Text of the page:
UK financial services minister Mark Hoban said today that the country’s new watchdog will ban financial products that are ‘toxic’ for customers for up to a year and will intervene far sooner to stamp out misselling of products.
“There will be a new power to ban products or restrict certain product features”, Hoban said while addressing a conference of the consumer lobby group Which?.
The country must learn from product misselling scandals like the payment protection insurance (PPI) scam by top banks, now being forced to pay billions of pounds in compensation to customers.
“We have faced strong opposition from industry to these proposals but we will not shift”, Hoban said.
Britain wants to end two decades of financial misselling that had cost consumers £15 billion and is reforming the regulatory structure to shore up its banks after the 2008 financial crisis wrecked havoc the country’s financial system.
To monitor domestic banking, it will set up a new regulator under the supervision of the Bank of England and will scrap the current regulator, the Financial Services Authority, by 2013. Instead the Financial Conduct Authority (FCA), a standalone regulator for market conduct and enforcement, will protect consumer interests and promote financial services competition.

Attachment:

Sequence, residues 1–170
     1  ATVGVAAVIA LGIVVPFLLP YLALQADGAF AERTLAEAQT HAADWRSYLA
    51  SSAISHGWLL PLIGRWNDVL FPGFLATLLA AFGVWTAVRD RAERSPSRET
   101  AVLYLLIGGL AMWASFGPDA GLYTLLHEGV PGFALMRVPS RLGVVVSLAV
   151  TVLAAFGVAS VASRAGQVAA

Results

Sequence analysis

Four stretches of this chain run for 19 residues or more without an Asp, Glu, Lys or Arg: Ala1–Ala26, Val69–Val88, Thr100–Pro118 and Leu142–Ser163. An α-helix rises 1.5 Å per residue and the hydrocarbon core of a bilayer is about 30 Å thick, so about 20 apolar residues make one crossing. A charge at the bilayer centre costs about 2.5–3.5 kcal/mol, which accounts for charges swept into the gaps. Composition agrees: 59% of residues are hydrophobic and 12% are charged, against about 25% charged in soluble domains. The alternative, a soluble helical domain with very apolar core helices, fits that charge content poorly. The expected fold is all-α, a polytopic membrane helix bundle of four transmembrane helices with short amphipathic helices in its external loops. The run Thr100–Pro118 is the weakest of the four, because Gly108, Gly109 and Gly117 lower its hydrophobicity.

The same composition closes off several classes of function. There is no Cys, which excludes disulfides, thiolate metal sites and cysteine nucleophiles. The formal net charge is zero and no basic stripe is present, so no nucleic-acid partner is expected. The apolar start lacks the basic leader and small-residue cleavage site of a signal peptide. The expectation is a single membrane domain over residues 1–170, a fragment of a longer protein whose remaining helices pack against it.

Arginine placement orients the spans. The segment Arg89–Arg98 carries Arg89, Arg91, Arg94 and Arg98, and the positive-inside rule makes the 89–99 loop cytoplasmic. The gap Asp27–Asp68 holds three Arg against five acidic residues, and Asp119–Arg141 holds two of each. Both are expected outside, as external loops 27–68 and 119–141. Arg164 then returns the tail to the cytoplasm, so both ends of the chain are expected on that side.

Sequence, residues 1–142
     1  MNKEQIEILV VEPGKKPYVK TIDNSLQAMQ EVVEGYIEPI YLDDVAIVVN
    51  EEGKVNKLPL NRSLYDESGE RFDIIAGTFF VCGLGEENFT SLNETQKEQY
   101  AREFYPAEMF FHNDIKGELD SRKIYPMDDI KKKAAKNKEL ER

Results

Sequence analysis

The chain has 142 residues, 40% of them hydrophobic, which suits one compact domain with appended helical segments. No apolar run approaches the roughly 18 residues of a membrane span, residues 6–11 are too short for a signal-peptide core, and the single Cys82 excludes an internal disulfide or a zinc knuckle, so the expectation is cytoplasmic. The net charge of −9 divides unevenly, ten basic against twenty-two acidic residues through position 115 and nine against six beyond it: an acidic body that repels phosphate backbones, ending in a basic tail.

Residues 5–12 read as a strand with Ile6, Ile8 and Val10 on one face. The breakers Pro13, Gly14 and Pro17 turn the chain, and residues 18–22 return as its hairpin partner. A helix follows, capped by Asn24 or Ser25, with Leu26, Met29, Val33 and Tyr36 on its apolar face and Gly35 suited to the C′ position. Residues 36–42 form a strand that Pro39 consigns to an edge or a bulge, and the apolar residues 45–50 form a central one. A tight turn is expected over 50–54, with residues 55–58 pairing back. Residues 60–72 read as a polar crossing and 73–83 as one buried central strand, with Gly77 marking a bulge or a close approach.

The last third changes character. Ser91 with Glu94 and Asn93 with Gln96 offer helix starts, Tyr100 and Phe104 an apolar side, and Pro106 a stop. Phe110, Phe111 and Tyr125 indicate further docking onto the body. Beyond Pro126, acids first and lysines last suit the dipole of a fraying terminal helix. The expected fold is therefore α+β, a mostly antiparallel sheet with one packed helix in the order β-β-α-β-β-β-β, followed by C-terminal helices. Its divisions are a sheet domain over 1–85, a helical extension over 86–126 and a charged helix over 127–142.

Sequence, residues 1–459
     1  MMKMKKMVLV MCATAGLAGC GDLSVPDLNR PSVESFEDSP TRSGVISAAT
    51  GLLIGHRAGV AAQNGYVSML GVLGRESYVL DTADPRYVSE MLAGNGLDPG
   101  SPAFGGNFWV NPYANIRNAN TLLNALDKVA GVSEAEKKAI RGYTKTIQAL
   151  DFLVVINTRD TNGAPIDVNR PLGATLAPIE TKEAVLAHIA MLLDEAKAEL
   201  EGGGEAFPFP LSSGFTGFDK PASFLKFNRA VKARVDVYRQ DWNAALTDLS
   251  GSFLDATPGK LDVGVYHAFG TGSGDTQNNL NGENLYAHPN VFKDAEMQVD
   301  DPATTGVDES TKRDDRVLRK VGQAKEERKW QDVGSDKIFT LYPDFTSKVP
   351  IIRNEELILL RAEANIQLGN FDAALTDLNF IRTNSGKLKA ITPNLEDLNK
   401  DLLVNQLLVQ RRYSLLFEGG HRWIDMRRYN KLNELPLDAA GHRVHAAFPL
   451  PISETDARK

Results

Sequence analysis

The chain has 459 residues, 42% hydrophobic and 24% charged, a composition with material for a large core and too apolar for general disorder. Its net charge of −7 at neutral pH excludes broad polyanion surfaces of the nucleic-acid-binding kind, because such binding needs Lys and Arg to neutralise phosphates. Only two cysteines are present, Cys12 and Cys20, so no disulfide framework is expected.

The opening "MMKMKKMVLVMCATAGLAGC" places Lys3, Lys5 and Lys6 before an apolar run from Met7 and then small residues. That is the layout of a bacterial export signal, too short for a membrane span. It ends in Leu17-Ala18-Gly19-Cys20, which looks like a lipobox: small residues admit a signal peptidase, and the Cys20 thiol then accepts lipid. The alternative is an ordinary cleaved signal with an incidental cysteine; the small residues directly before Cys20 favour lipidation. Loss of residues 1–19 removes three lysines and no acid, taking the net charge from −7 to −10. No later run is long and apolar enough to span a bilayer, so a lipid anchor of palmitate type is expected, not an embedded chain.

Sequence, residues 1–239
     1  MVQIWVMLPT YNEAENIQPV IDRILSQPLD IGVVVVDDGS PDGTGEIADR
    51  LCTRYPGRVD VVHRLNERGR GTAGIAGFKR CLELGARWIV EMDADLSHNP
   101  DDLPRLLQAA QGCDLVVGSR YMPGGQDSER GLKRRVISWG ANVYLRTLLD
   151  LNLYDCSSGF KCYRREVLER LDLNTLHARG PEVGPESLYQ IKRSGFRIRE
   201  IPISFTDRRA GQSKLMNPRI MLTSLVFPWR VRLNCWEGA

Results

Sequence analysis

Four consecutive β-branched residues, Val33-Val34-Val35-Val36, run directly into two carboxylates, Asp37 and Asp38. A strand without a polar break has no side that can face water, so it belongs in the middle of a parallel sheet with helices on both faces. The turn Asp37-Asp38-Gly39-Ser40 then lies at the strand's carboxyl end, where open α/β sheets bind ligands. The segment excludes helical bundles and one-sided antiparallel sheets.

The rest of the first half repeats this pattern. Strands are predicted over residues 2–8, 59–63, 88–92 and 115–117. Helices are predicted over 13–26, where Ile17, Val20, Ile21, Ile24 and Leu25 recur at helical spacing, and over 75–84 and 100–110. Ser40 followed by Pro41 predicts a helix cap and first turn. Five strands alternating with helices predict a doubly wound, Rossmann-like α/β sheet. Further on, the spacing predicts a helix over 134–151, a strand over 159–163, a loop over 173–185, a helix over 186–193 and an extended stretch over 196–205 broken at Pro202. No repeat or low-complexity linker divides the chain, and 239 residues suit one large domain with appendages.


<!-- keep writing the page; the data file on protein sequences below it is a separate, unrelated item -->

The FSA published a paper today on the proposed conduct of the new authority.
Consumer groups can give evidence of misselling to the FCA which will then announce actions it proposes to take with a stipulated time frame.
The FCA will intervene earlier and ban “toxic” products deemed harmful for consumers or promotional materials misleading people.
“At the moment people don’t know which adverts are being withdrawn. We will legislate to make that happen”, Hoban said.
The FCA will also have the authority of completion concerns to the Office of Fair Trade (OFT), which will have to investigate further.
“Under our new regime, we expect the FCA to take the initiative in tackling competition issues that cause consumer detriment”, Hoban added.